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In hall packed with conservatives, Marco Rubio brings acclaim and laughter


Sen. Marco Rubio of Florida told a gathering of conservative activists from around the country Friday morning that America doesn’t owe him anything – but that he owes a “debt to America that I will never be able to repay.”

Before a mostly-full ballroom at the annual Conservative Political Action Conference outside Washington, the Republican and potential presidential candidate recounted his personal history, one that took his parents – with little money, no connections, and limited education – from Cuba to South Florida.

“Less than four decades later, all four of their children live the lives and the dreams that my parents once had for themselves,” Rubio told the gathering. “For me, America isn’t just a country. It’s the place that literally changed the history of my family.”

The possible path to 2016 is tricky and tight for Rubio, once a darling of the nation’s conservatives but now treated skeptically by many. Despite one of the most-conservative voting records in the U.S. Senate, Rubio lost many of his conservative fans in 2013, when he pushed a bipartisan overhaul of the nation’s immigration system that made it through the Senate but stalled in the House of Representatives.

Many conservatives lambasted him for his role, and to this day some hold it against him. In a potentially crowded GOP presidential field – some with conservative credentials superior to Rubio’s – standing out before this important constituency could be difficult.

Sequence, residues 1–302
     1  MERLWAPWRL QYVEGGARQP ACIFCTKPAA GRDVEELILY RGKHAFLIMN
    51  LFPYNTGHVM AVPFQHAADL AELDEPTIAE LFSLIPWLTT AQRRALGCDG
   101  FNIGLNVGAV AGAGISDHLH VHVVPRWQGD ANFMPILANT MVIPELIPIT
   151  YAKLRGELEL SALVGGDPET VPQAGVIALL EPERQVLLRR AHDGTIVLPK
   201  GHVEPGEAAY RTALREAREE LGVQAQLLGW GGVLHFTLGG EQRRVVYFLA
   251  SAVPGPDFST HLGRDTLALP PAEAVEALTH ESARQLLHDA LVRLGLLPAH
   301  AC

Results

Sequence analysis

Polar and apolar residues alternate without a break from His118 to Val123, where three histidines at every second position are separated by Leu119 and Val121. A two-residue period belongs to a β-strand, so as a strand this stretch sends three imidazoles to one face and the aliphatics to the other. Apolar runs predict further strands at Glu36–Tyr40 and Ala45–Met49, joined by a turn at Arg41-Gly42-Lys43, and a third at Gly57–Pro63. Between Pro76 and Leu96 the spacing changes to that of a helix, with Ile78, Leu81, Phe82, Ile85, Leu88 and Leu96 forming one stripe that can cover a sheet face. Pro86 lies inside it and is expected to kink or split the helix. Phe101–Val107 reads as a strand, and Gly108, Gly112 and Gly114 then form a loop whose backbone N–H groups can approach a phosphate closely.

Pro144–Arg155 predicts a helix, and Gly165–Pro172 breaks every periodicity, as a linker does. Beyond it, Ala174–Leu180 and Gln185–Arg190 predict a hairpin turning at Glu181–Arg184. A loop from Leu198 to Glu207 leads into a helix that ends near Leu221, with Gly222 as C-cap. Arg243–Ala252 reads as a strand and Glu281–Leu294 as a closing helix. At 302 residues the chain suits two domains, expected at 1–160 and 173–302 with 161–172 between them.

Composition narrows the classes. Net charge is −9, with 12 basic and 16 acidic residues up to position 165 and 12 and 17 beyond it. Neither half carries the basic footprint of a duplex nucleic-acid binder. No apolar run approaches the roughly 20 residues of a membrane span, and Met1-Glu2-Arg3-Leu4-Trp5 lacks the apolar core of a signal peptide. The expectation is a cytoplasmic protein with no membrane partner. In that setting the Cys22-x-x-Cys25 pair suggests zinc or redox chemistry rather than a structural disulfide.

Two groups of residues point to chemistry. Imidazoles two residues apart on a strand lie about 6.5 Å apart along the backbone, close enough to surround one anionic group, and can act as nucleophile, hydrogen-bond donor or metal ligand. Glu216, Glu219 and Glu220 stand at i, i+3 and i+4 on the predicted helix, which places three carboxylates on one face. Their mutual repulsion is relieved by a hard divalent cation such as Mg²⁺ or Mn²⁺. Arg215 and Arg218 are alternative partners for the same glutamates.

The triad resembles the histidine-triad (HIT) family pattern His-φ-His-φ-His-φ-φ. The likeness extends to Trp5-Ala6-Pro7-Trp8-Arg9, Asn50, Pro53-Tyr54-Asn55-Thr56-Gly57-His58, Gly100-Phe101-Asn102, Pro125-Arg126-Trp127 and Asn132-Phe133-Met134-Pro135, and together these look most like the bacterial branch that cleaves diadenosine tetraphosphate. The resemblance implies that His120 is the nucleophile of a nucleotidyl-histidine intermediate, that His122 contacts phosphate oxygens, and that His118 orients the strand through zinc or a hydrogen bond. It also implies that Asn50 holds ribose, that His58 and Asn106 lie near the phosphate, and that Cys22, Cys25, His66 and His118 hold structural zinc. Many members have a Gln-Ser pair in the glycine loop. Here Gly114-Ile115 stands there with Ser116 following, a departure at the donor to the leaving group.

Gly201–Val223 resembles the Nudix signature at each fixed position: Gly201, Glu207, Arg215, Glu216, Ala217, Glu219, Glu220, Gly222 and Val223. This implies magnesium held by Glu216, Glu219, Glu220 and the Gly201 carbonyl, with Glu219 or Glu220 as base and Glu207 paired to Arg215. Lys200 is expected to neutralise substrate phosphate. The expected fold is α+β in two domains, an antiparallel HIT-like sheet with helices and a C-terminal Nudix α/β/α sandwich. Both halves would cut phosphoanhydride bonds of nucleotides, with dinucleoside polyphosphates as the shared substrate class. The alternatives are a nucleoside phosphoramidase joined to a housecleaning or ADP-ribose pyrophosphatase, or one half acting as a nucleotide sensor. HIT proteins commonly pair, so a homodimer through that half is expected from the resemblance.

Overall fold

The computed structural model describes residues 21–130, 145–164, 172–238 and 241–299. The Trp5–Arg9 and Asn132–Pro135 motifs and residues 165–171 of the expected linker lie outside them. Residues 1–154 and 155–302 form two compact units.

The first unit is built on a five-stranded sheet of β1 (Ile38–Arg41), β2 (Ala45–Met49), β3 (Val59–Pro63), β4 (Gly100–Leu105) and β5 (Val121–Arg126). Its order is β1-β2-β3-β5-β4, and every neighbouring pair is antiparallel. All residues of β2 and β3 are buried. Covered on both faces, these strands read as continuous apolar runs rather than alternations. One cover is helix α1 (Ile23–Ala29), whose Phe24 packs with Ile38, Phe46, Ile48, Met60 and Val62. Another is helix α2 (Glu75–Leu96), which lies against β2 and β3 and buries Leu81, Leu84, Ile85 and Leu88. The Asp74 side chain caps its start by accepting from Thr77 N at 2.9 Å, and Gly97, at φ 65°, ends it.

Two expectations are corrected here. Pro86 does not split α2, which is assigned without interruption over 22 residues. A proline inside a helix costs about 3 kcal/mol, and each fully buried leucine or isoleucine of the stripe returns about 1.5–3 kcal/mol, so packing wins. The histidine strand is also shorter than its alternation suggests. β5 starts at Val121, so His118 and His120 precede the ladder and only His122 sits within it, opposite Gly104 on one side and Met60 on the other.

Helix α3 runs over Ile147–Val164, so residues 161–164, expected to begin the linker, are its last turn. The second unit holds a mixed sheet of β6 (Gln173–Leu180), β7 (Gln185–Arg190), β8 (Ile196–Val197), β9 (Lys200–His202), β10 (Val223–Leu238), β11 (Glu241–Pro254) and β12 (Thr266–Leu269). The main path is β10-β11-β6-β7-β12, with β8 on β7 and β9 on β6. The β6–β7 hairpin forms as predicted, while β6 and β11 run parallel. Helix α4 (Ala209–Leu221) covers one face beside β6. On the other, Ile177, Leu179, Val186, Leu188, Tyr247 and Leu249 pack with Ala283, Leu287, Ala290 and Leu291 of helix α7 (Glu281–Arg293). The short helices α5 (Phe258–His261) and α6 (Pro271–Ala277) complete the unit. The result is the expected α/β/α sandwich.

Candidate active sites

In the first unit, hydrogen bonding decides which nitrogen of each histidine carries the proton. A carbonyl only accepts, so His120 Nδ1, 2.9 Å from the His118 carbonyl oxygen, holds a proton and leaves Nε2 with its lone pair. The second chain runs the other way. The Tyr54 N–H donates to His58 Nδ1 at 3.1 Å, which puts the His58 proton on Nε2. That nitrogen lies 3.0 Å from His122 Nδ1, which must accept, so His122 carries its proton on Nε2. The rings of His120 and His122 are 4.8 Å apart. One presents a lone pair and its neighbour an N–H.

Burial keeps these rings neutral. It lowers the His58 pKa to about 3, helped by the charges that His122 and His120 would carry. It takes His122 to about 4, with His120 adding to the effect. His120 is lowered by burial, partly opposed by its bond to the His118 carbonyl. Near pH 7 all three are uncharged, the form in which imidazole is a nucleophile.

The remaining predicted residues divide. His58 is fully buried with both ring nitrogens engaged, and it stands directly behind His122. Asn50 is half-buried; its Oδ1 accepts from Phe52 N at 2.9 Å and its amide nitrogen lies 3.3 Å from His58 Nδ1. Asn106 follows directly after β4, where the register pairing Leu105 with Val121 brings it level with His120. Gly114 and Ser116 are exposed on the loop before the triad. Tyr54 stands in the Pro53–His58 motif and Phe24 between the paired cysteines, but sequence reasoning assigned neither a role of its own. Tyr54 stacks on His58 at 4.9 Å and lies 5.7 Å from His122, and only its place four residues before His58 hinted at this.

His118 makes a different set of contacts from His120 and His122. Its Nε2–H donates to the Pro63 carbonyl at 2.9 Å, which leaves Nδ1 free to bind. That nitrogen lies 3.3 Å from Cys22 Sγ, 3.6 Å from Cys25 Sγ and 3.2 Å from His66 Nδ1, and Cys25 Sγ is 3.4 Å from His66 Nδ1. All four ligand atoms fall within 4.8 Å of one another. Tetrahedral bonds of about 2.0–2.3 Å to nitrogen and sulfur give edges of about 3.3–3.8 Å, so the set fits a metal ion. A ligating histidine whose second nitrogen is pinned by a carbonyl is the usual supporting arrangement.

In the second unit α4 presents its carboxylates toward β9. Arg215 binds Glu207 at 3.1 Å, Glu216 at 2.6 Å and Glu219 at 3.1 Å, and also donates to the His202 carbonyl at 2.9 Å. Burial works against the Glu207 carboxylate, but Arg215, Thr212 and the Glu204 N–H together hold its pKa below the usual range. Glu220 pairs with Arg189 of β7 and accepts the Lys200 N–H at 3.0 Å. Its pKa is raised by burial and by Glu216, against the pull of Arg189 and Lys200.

In attendance were the heavyweights of today’s GOP, as well as the thought leaders, pundits and conservatives Rubio needs to reach and persuade in order for him to be a viable contender in 2016. Nearly all the potential 2016 Republican contenders have or will make appearances at event, and the winner of a straw poll for attendees to pick their favorite will be announced Saturday.

The first-term senator from West Miami, who emerged on the national scene in 2010, both gave a speech to the crowd and was interviewed on stage by a conservative who excited the crowd as much or more than some of the candidates have: Fox News personality Sean Hannity.

In his six-minute opening, Rubio excited the crowd a dozen times, bringing extended applause and sometimes laughter with barbs at the Obama administration.

Addressing both foreign policy and domestic themes, Rubio riffed on several “imagine” statements –- conjuring what a new direction for the nation could bring.

Imagine if we repealed and replaced ObamaCare, he said to applause.

“Imagine if we had leaders that understood that the family, not government, is the most important organization in society,” he said to more applause.

“Imagine if our laws protected innocent human life, from conception to natural death,” he said to even-bigger applause.

And finally, to both applause and raucous laughter: “Imagine if we had a president who doesn’t travel the world bad-mouthing America. After all, that’s the U.N.’s job.”